All reviews are from people who have redeemed deals with this merchant.
What You'll Get
Invented in the 1960s to pay homage to the pie in the face, the tomato was soon recognized for the culinary, health, and red properties it possessed in spades. Revel in the revered fruit with today's deal: for $20, you get $45 worth of upscale Italian cuisine at Quattro, located within the deepest, most profoundly oregano-scented room of the Four Seasons Hotel Houston. This deal is only good for dinner, served nightly from 5 p.m. to 10 p.m. Complimentary valet parking is included.
At Quattro, you'll face a delicious dinnertime dilemma: dine enoteca style with small, shareable portions, or take the traditional track with multiple course options. If you choose the enoteca fork in the food road, mix and match plates such as beef meatballs with mushroom pomodoro ($9), prosciutto flatbread with gorgonzola and chicories ($9), goat-cheese-asparagus ravioli ($7), and pork-tenderloin scallopine ($8). Ingredients are seasonal and the enoteca menu changes weekly, but take a look at a sample menu for an approximation of the mini-dishes that you'll be plied, wowed, and whammed with. Or, consider spilling on your freshly pressed fancy pants with an item from the traditional menu such as the homemade spaghetti with shrimp, mussels, scallops, parsley, and orange ($23); the wild-mushroom and eggplant sfogliatina with watercress and truffle fondue ($22); or the ciabatta and basil-crusted rack of lamb ($34).
Regardless of what you choose to trap between silver tines, enjoy it amid the finely refined finery of aesthetically enhanced surroundings and the hop-to service of the seven-star staff. As per the regulations of the Texas Board of Drinkin' and Heartbreak, this deal is not valid on alcohol or one last chance to win her back.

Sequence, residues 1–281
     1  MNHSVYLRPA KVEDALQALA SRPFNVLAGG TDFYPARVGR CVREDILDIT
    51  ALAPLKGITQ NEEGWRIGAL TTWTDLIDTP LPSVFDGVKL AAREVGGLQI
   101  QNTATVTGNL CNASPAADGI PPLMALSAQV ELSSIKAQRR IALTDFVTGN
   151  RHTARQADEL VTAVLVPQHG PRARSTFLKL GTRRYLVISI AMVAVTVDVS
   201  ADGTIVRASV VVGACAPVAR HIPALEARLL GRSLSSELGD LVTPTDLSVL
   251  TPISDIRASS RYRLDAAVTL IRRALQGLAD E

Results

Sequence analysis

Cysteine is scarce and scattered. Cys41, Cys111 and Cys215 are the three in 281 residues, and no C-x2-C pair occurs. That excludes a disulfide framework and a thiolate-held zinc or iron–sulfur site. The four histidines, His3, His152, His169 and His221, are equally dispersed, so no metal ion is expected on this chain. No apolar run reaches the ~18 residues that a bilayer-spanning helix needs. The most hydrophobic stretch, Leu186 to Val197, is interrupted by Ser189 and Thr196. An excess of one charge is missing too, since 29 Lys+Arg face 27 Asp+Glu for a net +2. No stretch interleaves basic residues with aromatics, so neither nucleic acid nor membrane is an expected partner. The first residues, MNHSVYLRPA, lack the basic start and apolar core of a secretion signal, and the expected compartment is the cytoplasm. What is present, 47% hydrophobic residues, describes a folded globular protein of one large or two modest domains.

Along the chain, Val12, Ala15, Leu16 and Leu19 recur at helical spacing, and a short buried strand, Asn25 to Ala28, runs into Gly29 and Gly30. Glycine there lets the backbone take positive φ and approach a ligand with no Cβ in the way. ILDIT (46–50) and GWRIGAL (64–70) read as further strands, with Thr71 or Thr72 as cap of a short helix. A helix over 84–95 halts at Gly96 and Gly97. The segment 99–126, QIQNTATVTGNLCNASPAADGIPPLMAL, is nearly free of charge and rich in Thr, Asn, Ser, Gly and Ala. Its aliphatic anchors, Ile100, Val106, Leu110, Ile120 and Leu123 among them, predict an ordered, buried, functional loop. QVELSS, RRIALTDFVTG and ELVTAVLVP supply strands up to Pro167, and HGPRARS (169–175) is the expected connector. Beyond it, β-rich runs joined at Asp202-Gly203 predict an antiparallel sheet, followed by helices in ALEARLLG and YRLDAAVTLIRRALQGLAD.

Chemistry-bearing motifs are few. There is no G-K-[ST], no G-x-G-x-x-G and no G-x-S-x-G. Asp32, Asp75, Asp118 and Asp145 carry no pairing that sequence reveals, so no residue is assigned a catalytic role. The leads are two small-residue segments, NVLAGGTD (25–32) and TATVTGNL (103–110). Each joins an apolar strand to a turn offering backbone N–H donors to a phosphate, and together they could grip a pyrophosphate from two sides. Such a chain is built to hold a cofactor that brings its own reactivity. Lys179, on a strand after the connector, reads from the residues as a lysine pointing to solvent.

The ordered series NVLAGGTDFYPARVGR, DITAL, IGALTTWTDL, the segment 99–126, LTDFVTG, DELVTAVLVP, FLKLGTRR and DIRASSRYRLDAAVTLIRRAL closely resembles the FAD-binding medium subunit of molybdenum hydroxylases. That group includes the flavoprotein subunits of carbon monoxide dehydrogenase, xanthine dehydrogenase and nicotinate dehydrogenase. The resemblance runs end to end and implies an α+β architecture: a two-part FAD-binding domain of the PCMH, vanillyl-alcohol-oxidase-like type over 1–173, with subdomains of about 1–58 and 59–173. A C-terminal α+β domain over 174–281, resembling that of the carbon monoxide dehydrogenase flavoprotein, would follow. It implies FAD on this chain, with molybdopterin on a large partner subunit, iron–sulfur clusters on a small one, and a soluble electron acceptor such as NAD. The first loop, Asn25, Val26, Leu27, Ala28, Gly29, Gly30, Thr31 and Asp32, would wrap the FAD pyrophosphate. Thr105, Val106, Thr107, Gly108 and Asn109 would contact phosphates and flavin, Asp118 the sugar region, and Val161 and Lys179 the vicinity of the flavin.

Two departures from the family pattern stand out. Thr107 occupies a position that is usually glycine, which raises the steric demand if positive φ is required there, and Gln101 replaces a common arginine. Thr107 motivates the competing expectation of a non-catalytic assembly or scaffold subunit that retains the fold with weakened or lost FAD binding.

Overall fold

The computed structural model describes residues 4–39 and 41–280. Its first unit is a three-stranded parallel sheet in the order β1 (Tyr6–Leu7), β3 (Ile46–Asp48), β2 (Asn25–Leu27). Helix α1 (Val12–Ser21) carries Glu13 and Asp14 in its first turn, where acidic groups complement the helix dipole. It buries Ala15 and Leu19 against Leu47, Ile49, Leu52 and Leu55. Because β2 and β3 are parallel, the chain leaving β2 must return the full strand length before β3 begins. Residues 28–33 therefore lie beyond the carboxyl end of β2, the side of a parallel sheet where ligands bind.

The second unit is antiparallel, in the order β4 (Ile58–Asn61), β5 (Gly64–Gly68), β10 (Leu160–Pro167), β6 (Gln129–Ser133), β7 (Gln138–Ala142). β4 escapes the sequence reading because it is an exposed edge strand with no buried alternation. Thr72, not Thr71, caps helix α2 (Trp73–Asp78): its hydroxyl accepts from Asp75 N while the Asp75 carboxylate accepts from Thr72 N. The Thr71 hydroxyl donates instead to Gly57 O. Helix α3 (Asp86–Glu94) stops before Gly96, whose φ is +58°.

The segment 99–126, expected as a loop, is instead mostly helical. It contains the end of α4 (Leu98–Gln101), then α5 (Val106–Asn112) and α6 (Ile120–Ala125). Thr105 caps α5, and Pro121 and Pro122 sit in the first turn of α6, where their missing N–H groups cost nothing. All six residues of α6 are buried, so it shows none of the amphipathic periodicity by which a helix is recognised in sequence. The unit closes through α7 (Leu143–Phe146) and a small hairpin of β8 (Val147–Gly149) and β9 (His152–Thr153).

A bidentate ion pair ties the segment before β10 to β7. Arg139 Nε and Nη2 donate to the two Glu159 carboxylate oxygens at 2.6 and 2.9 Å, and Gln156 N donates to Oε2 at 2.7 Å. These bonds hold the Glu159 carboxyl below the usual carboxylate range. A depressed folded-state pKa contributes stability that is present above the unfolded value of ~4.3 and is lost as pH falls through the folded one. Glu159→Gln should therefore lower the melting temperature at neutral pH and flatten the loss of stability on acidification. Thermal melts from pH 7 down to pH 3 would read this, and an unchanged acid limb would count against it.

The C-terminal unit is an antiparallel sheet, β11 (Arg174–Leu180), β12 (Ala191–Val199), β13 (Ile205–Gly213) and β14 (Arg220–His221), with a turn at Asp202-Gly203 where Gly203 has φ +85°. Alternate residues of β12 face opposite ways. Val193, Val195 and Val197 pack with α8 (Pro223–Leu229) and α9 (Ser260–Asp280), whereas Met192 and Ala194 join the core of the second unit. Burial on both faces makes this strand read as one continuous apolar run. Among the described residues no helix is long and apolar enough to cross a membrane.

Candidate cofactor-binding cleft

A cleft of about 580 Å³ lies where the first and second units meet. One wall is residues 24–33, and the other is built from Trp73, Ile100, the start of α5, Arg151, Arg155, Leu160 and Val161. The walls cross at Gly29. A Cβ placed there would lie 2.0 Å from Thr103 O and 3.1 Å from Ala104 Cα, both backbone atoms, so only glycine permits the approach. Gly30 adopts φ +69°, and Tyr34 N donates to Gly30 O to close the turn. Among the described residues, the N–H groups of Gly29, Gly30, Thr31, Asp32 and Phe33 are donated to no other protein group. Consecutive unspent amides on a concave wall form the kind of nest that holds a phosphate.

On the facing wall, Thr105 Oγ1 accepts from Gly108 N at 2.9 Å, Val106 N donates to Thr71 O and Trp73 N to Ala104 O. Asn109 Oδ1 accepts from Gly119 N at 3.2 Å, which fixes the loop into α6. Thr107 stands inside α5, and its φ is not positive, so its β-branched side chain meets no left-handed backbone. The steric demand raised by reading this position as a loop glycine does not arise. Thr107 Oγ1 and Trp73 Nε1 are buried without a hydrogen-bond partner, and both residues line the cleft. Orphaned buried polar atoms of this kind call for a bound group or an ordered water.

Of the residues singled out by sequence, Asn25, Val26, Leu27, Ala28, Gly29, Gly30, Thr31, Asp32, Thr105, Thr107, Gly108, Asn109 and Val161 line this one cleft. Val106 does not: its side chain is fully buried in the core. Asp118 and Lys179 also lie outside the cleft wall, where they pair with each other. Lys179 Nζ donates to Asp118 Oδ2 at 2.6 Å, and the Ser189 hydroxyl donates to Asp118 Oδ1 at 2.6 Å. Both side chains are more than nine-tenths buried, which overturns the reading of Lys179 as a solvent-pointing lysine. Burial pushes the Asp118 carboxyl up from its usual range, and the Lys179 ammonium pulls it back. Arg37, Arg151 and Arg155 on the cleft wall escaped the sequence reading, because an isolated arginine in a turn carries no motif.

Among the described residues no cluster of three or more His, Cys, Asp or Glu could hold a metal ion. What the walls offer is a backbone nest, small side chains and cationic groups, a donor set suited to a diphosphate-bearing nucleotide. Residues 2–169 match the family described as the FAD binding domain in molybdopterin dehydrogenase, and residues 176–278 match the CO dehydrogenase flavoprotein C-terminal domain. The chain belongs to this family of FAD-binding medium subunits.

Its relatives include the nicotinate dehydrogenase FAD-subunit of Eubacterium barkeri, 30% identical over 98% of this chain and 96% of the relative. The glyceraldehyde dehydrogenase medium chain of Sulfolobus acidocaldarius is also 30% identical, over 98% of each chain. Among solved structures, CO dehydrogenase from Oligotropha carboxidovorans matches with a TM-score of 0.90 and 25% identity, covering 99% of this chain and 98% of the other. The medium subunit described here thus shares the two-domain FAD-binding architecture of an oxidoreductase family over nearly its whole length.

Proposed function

- It's easy to see why the kitchen was proud enough of the crab cakes to make them a signature. This substantial serving of decadent seafood is a lot more crab than cake. If there was any binder at all, it was barely detectable among the chunks of flaky, tender meat. Its richness was balanced by shavings of crisp marinated fennel and peppery salad greens. – Pableaux Johnson, Houston Press
- If you have a bigger appetite, go for such American favorites as a double pork chop with rich hickory sauce nestled up next to corn, black-eyed peas and green shelling beans. There’s subtlety here, too, evident in seafood specials like perfectly poached wild salmon with baby asparagus. Beautiful miniature desserts are a signature ending. –Gayot
- I went to Quattro for lunch and I would rate it the best restaurant in Houston. The waitstaff was attentive, the dishes were creative, and the atmosphere was wonderful. I will definitely be back, probably for Sunday brunch this time. – msjc, Citysearch
The Fine Print
Promotional value expires Nov 3, 2010. Amount paid never expires. Limit 1 Groupon per 2 people per table. Valid for dinner only. Not valid for private dining events. Not valid toward alcohol. Tax and gratuity not included. No cash back. Not valid with other offers. Merchant is solely responsible to purchasers for the care and quality of the advertised goods and services.
Inside the Four Seasons Hotel Houston, executive chef Maurizio Ferrarese draws on his Italian upbringing to create an ingredient-driven menu of locally sourced Italian fare. Ferrarese always puts his guests first, leaving the kitchen to visit tables as much as he can and even inviting guests to make special requests if they want to test his creativity with original dishes. He doesn't mean to downplay the regular items on his menu, saying, "I designed it so that I have a menu full of dishes that I would recommend blindfolded."
Inside the dining room, servers deliver orders of veal and seared tuna with puffed pantelleria capers or house farm greens with Texas Lone Star goat cheese in small-plate form to share with friends or purposely hide from mortal enemies. Main-course options include seasonal risottos, veal osso buco with glazed root vegetables, and the chef's signature housemade braised-beef ravioli with black truffle and corn purée. During Sunday brunch, cooks mix together eggs and fresh vegetables behind omelet stations and replenish the seafood bar's platters of roasted salmon and striped-bass broccolini.
The modern decor contrasts the rustic recipes with its vivid color, red leather accents, and tabletop holograms. Four private dining areas offer different experiences for small gatherings, from the chef's table with views of the kitchen to the cozy wine cellar with a corked floor and a display of 1,250 bottles.